TRICARE is a health insurance program offered to active and retired military personnel, their spouses, and dependents. It offers comprehensive medical benefits and is accepted all over the world. If you are 65, you’re also eligible for Medicare. The question we get asked most often by retired military members is, “How does TRICARE work with Medicare?”
Original Medicare and TRICARE
Almost all individuals should enroll in Medicare Part A as soon as they turn 65. It’s premium-free for most beneficiaries, which is why many people choose to enroll even if they still have other health insurance. Military personnel can choose to delay Medicare Part B in three instances:
- If they are still on active duty.
- If they are inactive but have other creditable coverage through another group health plan.
- If they’re enrolled in TRICARE Young Adult, TRICARE Reserve Select, or the US Family Health plan.
In these three cases, individuals can choose to delay their Part B enrollment and continue their TRICARE coverage. There will be no late-enrollment penalties in these instances, and TRICARE will continue to act as the member’s primary insurance plan.
As soon as a TRICARE-eligible person enrolls in both Part A and Part B, their TRICARE coverage changes to TRICARE for Life (TFL). There is no paperwork involved in the process; the change will occur automatically. Enrollees will be responsible for the Part B premium.
After you’re enrolled in both parts of Medicare, Medicare becomes your primary insurance plan, and TFL acts as your secondary plan. After your medical claims are paid by Medicare, they’ll be sent directly to TFL for payment. In most cases, beneficiaries are left with no out-of-pocket costs.
There is no need to enroll in Medicare Part D as prescriptions are covered by TFL. TRICARE is considered creditable coverage, which means it offers coverage that is just as good (or better) than Medicare plans. Beneficiaries who decide they would like to enroll in Part D can do so at any time.
Medicare Advantage and TRICARE for Life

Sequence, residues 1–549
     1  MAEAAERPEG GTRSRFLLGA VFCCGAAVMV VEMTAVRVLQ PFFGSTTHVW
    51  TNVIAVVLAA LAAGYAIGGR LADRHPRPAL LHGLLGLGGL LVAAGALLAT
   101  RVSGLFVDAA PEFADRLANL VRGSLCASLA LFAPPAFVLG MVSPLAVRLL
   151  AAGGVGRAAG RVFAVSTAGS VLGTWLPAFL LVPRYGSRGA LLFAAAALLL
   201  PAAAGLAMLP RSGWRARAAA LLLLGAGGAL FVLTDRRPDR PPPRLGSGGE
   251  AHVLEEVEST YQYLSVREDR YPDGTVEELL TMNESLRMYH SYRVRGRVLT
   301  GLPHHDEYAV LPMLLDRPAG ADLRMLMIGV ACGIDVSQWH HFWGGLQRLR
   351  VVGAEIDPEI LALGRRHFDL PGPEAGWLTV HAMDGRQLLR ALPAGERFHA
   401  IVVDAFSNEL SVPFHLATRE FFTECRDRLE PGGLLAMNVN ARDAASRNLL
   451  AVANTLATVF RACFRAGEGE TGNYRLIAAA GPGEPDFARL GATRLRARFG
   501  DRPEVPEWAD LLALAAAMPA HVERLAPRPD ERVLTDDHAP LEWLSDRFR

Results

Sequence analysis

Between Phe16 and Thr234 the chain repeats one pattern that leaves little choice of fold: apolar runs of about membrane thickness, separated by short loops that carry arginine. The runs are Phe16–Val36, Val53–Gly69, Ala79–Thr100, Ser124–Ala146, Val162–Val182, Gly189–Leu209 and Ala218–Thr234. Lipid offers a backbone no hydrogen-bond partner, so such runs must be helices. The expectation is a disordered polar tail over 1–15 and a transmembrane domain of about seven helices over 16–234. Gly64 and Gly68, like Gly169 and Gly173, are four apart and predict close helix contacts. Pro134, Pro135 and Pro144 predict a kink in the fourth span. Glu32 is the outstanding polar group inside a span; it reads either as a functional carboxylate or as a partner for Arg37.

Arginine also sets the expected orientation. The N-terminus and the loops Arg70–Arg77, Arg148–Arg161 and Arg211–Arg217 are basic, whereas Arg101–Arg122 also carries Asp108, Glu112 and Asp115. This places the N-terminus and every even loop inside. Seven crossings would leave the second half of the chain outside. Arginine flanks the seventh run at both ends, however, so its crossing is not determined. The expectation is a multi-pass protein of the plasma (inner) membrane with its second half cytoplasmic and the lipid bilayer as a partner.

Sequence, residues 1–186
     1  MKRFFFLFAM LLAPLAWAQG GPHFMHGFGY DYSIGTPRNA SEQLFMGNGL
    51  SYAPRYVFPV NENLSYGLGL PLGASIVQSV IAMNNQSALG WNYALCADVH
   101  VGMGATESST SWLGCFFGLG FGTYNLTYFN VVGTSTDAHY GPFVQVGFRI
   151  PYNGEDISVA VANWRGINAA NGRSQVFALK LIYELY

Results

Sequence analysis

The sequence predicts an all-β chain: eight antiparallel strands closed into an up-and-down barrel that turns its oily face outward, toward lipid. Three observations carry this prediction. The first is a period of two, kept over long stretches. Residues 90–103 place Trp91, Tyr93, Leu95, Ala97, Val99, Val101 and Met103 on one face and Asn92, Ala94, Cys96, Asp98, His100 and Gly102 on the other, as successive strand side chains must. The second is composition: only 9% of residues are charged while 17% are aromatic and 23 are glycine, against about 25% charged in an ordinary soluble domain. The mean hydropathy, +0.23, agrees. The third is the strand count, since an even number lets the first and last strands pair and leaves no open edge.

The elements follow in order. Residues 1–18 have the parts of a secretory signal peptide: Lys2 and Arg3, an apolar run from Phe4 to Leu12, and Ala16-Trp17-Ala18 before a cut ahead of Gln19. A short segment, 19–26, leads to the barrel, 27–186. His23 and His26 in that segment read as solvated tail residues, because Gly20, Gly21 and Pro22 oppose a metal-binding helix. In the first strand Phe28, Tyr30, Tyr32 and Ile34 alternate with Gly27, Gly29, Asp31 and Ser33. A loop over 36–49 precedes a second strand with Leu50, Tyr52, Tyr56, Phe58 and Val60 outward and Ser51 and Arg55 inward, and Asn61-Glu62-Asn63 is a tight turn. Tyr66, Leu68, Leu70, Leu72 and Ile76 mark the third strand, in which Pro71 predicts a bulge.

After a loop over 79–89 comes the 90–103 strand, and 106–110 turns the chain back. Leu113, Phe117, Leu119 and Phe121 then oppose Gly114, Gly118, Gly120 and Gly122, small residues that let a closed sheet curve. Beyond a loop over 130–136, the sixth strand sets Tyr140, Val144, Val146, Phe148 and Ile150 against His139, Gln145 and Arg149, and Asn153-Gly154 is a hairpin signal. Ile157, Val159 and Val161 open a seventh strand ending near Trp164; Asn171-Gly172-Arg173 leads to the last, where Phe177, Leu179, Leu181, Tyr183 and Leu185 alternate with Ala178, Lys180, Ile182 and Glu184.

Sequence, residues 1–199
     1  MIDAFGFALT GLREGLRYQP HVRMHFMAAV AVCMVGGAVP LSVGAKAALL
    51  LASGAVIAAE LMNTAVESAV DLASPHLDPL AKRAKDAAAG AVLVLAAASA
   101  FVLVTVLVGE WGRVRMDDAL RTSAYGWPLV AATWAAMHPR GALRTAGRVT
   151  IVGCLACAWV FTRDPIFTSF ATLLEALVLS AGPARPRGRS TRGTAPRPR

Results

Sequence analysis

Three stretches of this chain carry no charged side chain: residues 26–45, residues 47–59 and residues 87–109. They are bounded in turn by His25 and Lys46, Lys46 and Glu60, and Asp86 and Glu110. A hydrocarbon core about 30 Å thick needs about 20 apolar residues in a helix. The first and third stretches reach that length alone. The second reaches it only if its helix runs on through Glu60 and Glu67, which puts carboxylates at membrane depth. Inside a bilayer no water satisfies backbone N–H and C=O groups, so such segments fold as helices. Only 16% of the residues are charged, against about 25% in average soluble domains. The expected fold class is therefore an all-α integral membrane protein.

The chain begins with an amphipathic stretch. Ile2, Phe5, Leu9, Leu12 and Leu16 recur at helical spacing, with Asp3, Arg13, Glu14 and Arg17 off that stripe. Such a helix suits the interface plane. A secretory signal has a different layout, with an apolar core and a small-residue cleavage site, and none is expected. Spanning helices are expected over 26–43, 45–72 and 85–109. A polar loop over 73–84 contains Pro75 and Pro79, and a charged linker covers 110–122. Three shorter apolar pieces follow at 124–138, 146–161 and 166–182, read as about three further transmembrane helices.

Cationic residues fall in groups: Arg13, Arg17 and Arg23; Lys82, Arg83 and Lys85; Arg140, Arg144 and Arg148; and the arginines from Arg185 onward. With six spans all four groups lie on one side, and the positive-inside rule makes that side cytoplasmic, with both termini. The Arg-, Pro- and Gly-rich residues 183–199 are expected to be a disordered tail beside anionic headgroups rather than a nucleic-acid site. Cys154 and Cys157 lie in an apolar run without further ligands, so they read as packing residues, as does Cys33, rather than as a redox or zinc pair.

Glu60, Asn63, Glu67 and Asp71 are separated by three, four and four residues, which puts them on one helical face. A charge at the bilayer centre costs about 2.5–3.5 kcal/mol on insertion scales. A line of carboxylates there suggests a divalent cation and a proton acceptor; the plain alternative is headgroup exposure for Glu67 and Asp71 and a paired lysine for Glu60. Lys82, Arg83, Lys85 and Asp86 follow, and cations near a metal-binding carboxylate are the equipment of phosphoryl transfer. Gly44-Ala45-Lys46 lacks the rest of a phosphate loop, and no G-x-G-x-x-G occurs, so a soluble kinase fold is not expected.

While Medicare and TFL do offer comprehensive medical coverage, they’re missing a few things. Neither plan includes coverage for:
- Routine and restorative dental treatment
- Vision exams and prescription glasses or contacts
- Hearing exams and hearing aids
- Long-term care
- Chiropractic services
Because of these gaps in coverage, many TFL members choose to enroll in a Medicare Advantage plan.
Medicare Advantage (Part C) plans are an alternative to Original Medicare. You’ll still be required to pay the Part B premium, but you can choose to enroll in a Medicare Advantage plan, which often has low (or $0) premiums. Some MA plans are tailored to veterans and may even have Part B givebacks, which will reduce your Part B premium.
If you choose to do this, your Medicare Advantage plan will still be your primary insurance plan, and TFL your secondary plan. However, you may need to be more careful about where you receive care. Medicare Advantage plans operate on provider networks, so you should try to get your care from a contracted doctor or facility.
Medicare Advantage plans do not coordinate automatically with TFL. That means that after your Medicare Advantage plan pays on a claim, you may need to file the secondary claim with TFL yourself. You’ll still have the same coverage under TFL, but it may require you to do some work, and you may have to pay out-of-pocket for services before being reimbursed by TRICARE.
If you’re a veteran and curious about how your benefits will change when you enroll in Medicare, talk with one of our insurance agents. We can help you navigate the process and help you decide which plans may be a good fit for you. And lastly, thank you for your service!